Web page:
The Worlds of Mervyn Peake

Sangster, M. and Wilcox, Z. (2011) The Worlds of Mervyn Peake. [Exhibitions]

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Abstract

Mervyn Peake (1911–1968) was a prolific and astonishingly original writer and artist, who touched at one time or another on almost every literary form. To celebrate the centenary of Peake’s birth, the British Library’s exhibition The Worlds of Mervyn Peake (5 July - 18 September 2011) examines Peake's output as novelist, poet, playwright and illustrator through the worlds he inhabited, both real and imagined. The exhibition brings together a wealth of material from the British Library’s collections, including the recently acquired Mervyn Peake archive. Previously unknown works discovered amongst Peake’s papers include: the manuscript of the soon-to-be published fourth Titus book, Titus Awakes, completed by Peake’s wife Maeve Gilmore after his death; and the complete first scene of his sci-fi play ‘Isle Escape’, in which a couple escape to a tropical island to wait out a world war that they later discover failed to take place. Other highlights include: - Gormenghast notebooks beautifully illustrated with character drawings of the Prunesquallors, Flay and Barquentine - Peake’s original drawings for Alice’s Adventures in Wonderland and Through the Looking Glass - A letter home to his wife from Germany in 1945, where Peake attended the war crimes trial of Peter Back and visited Bergen-Belsen as war correspondent for The Leader magazine - ‘Just a Line’, a storyboard for an animated television programme in which an ordinary little line transforms into pirates, princesses and other strange sights as it journeys across the screen - ‘The White Chief of the Umzimbooboo Kaffirs’ the earliest surviving story by Peake, written when he was eleven years old on his return from China where he had spent the first part of his life - Correspondence from Dylan Thomas, Graham Greene and C S Lewis.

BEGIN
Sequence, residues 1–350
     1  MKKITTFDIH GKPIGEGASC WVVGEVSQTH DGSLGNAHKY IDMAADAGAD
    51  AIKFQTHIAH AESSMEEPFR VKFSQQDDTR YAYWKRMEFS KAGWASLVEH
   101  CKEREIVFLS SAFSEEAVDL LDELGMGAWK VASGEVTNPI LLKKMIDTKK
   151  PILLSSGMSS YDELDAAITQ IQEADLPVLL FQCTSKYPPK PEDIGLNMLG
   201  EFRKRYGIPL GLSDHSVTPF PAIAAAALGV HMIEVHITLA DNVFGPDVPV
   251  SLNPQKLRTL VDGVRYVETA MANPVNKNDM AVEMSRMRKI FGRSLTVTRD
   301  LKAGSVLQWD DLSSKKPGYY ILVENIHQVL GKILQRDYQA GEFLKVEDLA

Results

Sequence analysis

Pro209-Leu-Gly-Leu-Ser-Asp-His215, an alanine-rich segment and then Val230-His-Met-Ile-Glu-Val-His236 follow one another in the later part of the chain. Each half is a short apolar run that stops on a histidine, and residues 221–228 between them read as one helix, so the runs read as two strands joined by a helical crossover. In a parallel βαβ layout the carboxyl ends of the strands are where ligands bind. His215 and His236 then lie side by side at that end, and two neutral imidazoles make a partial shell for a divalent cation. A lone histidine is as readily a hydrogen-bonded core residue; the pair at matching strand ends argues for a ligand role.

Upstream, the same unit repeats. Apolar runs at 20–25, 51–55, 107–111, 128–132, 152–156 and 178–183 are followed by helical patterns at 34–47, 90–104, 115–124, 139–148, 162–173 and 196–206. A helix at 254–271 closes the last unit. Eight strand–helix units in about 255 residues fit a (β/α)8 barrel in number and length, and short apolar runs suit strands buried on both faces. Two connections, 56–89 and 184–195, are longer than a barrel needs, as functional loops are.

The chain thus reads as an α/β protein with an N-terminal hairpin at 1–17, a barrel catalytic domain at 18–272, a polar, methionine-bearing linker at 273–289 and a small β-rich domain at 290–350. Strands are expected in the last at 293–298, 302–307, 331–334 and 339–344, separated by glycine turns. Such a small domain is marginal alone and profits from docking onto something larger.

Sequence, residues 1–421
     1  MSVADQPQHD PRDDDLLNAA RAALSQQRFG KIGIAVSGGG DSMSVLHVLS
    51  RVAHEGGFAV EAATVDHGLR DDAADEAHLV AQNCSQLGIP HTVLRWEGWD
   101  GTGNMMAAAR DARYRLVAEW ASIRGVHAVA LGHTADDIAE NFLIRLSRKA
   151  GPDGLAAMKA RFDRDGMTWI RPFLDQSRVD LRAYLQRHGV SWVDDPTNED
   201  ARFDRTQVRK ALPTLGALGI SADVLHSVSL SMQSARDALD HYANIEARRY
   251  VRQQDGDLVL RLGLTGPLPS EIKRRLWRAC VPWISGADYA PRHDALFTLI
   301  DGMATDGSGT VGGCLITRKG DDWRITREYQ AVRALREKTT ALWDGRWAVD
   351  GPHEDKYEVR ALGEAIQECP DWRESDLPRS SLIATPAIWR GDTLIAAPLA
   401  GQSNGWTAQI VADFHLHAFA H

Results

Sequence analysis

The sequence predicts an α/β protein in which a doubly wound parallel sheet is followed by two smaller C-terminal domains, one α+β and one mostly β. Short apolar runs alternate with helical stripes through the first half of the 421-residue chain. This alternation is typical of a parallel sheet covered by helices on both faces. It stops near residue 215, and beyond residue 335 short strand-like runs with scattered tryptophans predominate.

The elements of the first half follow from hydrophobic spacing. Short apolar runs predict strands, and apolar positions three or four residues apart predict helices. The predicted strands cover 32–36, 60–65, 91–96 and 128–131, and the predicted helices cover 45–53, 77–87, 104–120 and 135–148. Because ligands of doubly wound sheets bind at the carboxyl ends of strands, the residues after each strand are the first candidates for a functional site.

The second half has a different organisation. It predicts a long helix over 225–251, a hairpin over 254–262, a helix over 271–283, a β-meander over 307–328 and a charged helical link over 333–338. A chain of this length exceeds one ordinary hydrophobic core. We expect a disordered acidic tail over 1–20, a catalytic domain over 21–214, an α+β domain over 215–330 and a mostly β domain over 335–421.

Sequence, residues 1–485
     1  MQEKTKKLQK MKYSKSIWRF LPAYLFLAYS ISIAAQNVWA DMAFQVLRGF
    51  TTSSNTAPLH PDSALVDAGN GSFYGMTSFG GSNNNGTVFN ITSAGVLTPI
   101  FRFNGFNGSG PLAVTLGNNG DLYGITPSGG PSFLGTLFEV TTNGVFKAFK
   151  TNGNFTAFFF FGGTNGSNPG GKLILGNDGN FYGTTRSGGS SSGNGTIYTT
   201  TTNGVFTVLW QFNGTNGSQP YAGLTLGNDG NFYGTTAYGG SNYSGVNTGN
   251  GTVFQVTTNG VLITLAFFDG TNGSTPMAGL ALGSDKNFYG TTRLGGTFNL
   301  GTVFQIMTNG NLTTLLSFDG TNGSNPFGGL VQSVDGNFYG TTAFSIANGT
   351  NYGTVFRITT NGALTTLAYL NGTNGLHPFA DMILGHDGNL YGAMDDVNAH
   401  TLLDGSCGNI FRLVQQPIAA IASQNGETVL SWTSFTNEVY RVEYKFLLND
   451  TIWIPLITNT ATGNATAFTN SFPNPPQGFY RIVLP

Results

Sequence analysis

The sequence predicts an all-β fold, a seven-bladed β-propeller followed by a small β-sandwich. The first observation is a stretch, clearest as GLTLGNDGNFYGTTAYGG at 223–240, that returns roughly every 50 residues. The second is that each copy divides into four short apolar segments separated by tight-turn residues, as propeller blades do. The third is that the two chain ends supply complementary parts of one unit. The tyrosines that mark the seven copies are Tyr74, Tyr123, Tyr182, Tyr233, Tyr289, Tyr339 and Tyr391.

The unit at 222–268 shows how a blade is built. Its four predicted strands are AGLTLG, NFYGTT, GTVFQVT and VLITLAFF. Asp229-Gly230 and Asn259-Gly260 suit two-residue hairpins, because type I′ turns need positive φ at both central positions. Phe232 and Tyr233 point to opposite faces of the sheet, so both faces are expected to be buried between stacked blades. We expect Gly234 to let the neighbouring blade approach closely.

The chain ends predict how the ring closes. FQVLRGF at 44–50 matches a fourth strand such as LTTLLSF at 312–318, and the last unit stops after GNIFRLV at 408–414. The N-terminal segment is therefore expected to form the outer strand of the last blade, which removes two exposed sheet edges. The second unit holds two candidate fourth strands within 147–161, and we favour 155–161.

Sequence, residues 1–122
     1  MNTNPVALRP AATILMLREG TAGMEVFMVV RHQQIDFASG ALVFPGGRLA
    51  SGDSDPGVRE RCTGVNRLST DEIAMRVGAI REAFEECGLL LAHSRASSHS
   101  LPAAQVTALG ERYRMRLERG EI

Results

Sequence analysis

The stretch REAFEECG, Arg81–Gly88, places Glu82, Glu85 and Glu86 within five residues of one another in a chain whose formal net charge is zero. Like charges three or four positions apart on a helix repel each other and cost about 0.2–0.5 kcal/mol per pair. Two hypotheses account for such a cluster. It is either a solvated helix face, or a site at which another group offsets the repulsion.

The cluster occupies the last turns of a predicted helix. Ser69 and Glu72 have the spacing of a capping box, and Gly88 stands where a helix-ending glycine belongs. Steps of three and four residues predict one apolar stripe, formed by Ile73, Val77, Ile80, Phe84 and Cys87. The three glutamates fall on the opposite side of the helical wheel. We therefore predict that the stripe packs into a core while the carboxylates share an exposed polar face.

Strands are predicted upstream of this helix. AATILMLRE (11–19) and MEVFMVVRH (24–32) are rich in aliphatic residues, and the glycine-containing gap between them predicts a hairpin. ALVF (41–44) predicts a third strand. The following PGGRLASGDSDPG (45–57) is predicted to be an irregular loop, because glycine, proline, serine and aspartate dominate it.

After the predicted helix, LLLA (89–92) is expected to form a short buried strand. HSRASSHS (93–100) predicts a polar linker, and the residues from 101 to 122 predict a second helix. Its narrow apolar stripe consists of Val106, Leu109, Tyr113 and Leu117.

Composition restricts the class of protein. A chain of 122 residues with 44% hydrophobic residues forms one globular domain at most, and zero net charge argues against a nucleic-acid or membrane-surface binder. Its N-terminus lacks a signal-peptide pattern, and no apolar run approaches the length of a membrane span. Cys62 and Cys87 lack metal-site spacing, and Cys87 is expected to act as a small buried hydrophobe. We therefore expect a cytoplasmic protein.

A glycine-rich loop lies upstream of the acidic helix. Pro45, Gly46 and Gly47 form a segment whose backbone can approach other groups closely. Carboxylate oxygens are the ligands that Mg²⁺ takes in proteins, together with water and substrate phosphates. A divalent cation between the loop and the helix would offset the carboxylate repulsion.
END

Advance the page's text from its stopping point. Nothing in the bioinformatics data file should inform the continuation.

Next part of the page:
Item Type:Exhibitions
Glasgow Author(s) Enlighten ID:Sangster, Dr Matthew
Authors: Sangster, M., and Wilcox, Z.
College/School:College of Arts > School of Critical Studies > English Literature
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